Projections - Movie Reviews

Spy Game

Spy Game

Director Tony Scott treats us to a delicately balanced story of espionage, love, betrayal and redemption in his current thriller Spy Game.  Starring Robert Redford and featuring Brad Pitt, Catherine McCormack, Larry Bryggman, Stephen Dillane and Marianne Jean-Baptiste, Spy Game delivers an almost frantic pace and intricate story.

Revolving about the relationship between a new CIA recruit Tom Bishop (Pitt) and his seasoned veteran handler Nathan Muir (Redford), you discover the jaded and almost cold personality of Muir and the idealistic vision of Bishop.  Opening on Bishop's current mission in China we see prison conditions that are deplorable and soon to become the accommodations of Bishop himself, but only for a very brief time.  Twenty four hours is all Bishop is given to live by Chinese decree.

Now in the hot seat, the CIA is looking to distance themselves from Bishop and the problems he is causing for upcoming trade talks.  Muir on the other hand is not quite so anxious to see his young protégé left to swing in the breeze even though he is retiring that very day.  While devising a covert operation to rescue Bishop, Muir relates his stories of his times with Bishop to the big fish of the CIA.

Through the use of flashbacks that cover four distinct points of their relationship, we learn the current time is about 1991 and Bishop was recruited as a result of a chance meeting during the Vietnam war.  We also see Bishop on an operation in the mid 70's in East Berlin and in 1985 in Beirut where he is to find a way to assassinate a known terrorist and not make it look like a murder.  The use of the flash back is a great way to cover time without wasting it.  Though this film is just a bit over two hours, you do not feel it drag nor does it seem rushed.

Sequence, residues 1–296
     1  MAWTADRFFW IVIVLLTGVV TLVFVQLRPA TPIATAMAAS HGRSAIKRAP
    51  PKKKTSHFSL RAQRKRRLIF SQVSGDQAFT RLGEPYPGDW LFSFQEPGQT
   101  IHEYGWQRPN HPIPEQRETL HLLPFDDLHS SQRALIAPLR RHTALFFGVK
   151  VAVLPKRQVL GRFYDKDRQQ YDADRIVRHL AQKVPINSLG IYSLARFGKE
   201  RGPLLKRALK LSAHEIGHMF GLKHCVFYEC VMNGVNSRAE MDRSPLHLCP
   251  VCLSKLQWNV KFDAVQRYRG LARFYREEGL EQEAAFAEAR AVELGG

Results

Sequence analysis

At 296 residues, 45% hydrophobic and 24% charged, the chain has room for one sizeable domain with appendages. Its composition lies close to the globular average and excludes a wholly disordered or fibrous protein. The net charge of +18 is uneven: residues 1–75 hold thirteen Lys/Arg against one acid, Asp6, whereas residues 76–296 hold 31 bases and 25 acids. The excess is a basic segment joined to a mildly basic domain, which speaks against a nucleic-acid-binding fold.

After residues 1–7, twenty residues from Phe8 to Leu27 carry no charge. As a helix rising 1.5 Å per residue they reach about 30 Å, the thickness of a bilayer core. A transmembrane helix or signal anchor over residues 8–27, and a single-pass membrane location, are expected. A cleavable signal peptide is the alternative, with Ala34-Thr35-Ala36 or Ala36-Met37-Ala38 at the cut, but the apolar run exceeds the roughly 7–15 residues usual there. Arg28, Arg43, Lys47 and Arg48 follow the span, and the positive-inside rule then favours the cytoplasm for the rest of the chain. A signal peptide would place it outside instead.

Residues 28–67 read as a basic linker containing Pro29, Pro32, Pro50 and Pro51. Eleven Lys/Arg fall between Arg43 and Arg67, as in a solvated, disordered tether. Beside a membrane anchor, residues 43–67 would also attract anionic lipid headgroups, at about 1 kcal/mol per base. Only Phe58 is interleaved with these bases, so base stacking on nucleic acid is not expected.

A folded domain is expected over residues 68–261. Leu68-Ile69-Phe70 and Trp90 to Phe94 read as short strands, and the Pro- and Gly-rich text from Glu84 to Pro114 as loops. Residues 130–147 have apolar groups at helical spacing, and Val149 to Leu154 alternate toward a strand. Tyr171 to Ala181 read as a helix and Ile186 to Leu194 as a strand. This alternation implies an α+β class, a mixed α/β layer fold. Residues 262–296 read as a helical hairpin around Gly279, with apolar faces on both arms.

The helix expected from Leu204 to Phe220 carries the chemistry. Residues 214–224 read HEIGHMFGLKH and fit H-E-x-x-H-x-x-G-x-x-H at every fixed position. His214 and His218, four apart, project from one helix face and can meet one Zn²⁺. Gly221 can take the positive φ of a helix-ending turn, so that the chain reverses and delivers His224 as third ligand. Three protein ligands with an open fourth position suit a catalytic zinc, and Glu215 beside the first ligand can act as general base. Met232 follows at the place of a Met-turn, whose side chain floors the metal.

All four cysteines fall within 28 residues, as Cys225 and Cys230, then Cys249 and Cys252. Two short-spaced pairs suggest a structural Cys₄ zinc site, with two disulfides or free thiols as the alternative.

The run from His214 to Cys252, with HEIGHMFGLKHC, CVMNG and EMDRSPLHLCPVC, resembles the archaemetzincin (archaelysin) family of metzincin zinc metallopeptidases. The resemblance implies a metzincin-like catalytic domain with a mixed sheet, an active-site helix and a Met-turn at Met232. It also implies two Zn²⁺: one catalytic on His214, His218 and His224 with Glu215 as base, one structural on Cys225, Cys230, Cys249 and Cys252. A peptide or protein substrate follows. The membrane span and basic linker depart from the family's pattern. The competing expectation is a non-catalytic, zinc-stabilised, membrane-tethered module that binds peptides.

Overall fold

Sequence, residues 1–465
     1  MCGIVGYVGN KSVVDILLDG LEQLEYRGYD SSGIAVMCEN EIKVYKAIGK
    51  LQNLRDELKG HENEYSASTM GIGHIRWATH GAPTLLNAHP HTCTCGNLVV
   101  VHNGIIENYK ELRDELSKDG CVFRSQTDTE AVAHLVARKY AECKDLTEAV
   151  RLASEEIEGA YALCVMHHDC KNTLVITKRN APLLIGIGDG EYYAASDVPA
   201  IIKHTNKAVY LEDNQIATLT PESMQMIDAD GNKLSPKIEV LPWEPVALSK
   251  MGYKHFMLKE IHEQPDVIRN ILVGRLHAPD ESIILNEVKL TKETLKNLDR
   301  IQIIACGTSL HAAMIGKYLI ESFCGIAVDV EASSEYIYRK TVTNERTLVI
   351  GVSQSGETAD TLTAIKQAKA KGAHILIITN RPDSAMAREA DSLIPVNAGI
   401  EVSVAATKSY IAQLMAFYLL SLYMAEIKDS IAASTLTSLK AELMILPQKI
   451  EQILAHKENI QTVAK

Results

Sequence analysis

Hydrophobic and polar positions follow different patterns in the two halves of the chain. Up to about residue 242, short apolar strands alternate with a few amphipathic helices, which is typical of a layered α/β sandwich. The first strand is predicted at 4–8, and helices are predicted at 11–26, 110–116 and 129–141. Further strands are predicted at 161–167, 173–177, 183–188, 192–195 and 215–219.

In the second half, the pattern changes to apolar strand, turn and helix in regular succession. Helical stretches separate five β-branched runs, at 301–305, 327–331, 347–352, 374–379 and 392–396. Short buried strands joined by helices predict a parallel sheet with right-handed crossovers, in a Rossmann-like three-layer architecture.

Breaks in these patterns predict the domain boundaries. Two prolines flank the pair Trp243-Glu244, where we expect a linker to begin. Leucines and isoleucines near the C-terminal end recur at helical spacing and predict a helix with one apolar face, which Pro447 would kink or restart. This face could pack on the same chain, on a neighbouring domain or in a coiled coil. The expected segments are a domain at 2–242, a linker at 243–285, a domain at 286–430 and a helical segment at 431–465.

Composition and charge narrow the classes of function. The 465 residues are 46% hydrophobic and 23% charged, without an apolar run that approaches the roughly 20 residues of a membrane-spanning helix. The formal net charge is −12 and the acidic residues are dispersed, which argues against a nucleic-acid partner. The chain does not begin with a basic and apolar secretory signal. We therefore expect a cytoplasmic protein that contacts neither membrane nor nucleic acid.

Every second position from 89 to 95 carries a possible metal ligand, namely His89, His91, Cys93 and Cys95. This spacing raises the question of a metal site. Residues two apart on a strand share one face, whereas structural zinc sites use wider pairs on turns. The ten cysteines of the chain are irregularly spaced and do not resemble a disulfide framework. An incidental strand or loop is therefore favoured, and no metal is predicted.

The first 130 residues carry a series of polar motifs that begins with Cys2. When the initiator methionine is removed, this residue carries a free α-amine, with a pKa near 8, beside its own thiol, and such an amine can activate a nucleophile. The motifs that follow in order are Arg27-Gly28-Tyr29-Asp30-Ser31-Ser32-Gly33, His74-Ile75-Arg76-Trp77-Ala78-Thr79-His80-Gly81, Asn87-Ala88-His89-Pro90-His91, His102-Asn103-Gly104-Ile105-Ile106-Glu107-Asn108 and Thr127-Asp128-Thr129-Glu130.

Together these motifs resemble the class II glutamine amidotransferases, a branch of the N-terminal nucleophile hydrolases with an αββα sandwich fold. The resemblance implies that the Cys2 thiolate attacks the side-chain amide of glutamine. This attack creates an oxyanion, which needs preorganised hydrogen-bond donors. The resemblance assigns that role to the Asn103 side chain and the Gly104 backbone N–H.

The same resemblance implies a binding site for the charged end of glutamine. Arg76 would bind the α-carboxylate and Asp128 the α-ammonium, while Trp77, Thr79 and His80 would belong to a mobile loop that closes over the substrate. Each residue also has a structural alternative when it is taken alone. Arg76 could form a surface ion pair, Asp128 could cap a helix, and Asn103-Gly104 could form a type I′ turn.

There are moments where you will despise Redford as an unprincipled "do what ever it takes" CIA operative - a manipulator of people and situations where anyone is expendable to accomplish the mission or save his own skin.  There are moments where you will see an aloofness that borders on nobility that I think only results from its being Redford.  His interaction with Pitt is almost father to son and it is this closeness that allows for the climax.

It seems that to control  Bishop, Muir decides that love is not to be between Bishop and Elizabeth Hadley (Catherine McCormack), a medical aid with a questionable past.  This decision results in her being arrested and placed in the Chinese prison.  The redemption by Muir results in his taking responsibility for his actions and taking his personal wealth, contacts and knowledge to set things right.

While this intricate tale is playing out, you can't help but realize or wonder just how far did the CIA and our country go during these dark and terrifying times and how much have we as a nation become accustomed to these types of actions; how much we are told and most importantly how much we really want to know.

 
Frank
Chris
Tony
Jim
Jennifer
Kathleen
Avg.
Spy Game
B+
 
B+
B
B+
B
B+
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